The thing about re-running comedy routines is – we get to know the jokes. The Jacks are all out of the Jack in the boxes, and though we stuff them back in, close the lid, and then open it again, the jacks aren’t going to surprise those of us who are mentally over the age of two. This means, of course, that Bush’s latest ploy will be ferociously backed by the usual zombie segment of the population, who will dart rays of disdain at anyone who doubts the utter sincerity of the White House – and, as the White House contradicts itself, will insist that the series of contradictions are part of one overarching truth. LI has written before that we don’t believe that the Bushies will bomb Iran – we think the domestic risks are too high. Oil spiking to one hundred a barrel will simply bury the GOP in the South, a gashogging part of the country that deserts those leaders that would put a dent in the three car garage life style. The filibustering spirit is one thing, being able to drive the jacked up truck down to the grocery store for a loaf of bread is another. Given the way in which the administration is playing with the national guard like a game of pick up sticks, and given that the guard will no doubt be unavailable for a crucial three or four days in late summer when another hurricane eats up another American coastal area, our idea is that the house limit on military action might be very near.

Typically, the offer of talks, which in 2001 would have, perhaps, been of crucial importance to the moderates, is now going to shore up the politics of Ahmadinejad, who we believe may be very underrated in the U.S. – because he is an Antisemite from hell who seems bent on pruning back the open society (however tiny the advance towards open society was under Khatami). There is a tendency to talk him down on the anti-war end, and to talk up the reasonable mullahs, which eerily echoes what was said in the beginning of Iranian revolution about Khomeini – you’ll remember, Khomeini was a flash in the pan, and the real forces of Iranian politics, whoever they were, were going to take over the state, using Khomeini as a convenient figurehead. Juan Cole recently wrote a blog about Ahmadinejad’s essential mock status, for instance. But at the moment, we are more convinced by Ray Takeyh’s view of the evolving nature of Ahmadinejad’s power.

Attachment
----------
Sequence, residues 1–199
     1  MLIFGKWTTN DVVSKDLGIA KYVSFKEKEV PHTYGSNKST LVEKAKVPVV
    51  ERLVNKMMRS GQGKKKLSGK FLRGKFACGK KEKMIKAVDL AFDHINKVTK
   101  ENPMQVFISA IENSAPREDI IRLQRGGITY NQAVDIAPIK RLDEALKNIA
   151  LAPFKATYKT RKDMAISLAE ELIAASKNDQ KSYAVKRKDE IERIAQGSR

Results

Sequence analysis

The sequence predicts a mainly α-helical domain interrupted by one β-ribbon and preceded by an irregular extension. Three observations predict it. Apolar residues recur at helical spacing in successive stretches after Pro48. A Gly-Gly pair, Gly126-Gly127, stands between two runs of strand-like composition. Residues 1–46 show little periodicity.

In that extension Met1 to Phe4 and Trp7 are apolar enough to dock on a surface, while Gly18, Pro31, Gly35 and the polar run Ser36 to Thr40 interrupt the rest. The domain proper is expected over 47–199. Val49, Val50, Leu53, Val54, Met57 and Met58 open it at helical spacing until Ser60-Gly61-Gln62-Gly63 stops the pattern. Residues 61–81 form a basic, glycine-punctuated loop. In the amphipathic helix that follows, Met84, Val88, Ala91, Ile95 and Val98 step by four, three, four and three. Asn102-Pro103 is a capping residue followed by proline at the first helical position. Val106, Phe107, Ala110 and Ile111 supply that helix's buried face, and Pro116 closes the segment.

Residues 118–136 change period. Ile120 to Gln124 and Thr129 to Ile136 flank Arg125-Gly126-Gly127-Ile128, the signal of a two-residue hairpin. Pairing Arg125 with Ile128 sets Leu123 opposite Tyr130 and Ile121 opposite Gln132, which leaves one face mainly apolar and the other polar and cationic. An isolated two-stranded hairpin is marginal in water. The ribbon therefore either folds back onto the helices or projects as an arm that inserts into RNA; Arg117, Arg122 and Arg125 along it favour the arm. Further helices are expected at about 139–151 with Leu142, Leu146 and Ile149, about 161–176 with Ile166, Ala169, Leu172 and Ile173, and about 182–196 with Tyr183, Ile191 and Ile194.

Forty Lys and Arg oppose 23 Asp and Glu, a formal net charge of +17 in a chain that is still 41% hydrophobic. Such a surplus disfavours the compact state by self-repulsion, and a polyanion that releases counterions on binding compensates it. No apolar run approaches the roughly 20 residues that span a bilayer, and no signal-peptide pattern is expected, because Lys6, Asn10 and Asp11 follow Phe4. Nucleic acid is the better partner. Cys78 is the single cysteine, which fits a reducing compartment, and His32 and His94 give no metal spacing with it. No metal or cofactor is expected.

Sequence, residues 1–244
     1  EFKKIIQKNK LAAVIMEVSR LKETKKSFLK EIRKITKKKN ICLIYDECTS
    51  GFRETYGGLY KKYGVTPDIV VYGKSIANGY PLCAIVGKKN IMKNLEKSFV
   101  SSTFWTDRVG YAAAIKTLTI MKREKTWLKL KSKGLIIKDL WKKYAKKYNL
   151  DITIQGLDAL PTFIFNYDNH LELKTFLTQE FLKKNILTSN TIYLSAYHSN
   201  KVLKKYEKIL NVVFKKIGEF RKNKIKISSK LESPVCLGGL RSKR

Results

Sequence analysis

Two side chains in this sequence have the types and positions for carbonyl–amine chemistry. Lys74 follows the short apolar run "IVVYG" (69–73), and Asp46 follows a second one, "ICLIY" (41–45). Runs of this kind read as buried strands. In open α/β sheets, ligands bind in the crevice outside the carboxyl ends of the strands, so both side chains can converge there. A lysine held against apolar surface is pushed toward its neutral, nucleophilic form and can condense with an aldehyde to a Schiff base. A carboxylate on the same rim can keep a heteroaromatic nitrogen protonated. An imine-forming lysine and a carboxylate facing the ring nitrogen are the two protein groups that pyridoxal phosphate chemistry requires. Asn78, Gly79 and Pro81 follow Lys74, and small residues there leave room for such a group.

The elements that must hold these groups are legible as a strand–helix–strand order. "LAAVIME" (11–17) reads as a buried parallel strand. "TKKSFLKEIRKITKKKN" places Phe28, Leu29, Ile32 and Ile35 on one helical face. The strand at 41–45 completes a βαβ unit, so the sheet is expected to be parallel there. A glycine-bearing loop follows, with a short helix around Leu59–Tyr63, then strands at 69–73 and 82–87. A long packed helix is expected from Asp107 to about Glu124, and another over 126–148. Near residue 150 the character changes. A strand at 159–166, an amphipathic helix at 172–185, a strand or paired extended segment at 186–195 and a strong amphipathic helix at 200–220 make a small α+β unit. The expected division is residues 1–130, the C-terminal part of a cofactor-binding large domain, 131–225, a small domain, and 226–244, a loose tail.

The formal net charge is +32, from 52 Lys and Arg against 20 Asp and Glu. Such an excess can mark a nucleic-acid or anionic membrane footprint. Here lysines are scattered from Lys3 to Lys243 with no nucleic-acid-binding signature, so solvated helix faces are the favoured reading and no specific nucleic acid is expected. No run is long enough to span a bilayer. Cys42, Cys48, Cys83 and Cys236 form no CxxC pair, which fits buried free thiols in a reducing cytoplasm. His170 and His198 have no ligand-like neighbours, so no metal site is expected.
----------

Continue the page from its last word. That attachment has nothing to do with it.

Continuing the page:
Tuesday, May 30, 2006

jean jacques juge par tout le monde

This week’s philosophical spat is about a spat between philosophers. At least in the U.K., there were reviews in all the major venues of Rousseau’s Dog, a book about Hume and Rousseau by the team that is doing all the quarrels of all the philosophers (Popper vs. Wittgenstein, Bullwinkle vs. Rocky), David Edmonds and John Eidinow. Ophelia Benson, over at Butterflies and Wheels, is naturally taking the Humean side. The review in the Sunday Times is a sad commentary on the currently low wattage of the conservative intelligentsia. The reviewer ropes the book together with one on Voltaire’s mistress, says various astonishing things about how boring and unread Voltaire is (the more astonishing as he seems to think Samuel Johnson’s Rasselas is just the antidote for the tedium of Candide – although one suspects that Rasselas is a distant memory, given the reviewer’s general state of incredible barbarism), and then repents a bit – it turns out Voltaire, like Donald Trump, made money, so he is a good guy all the way around. In the Spectator the reviewer concentrates much bile on poor old David Hume, accusing him of wanting to burn all books that didn’t contain mathematics – surely a reading of Hume that underemphasizes the irony.

The Guardian takes a chapter from the book. Unfortunately, if this passage is representative, we are not about to read the whole thing. Here’s the intro to Rousseau as the Johnny Depp character from the Pirates of the Caribbean:

“The year was 1766 and Rousseau had just cause to fear for his life. For more than three years he had been a refugee, forced to move on several times. His radical tract, The Social Contract , with its famous opening salvo, "Man is born free, but everywhere he is in chains", had been violently condemned. Even more threatening to the French Catholic church was Emile , in which Rousseau advocated denying the clergy a role in the education of the young. An arrest warrant was issued in Paris and his books were publicly burned.

In The Confessions , a literary landmark described as the first modern autobiography, Rousseau spoke of "the cry of unparalleled fury" that went up across Europe. "I was an infidel, an atheist, a lunatic, a madman, a wild beast, a wolf . . ."

Fleeing France, he had found safe haven in a remote village in his native Switzerland. But soon the local priest began to whip up hatred against him, charging him with being a heretic. The atmosphere turned ugly. Rousseau was abused in the street. Some believed this lean, dark man whose eyes were full of fire was possessed by the devil.”

Notice the remarkable profusion of the passive tense in the first paragraph. The Social Contract was condemned, an arrest warrant was issued. The invisible hand is everywhere. And then, dropping or drooping down to the second, we meet the ‘described as’ of the Confessions… No reference, nor any standing up and simply ‘describing’ it oneself. This is the kind of thing that I cordially hate – or that I can be described as cordially hating.

As for the intro to Hume – it is, if anything, worse, since it takes one of Hume’s great phrases – that the Treatise of Human Nature fell “stillborn from the press” – and squashes it into a gummy muddle: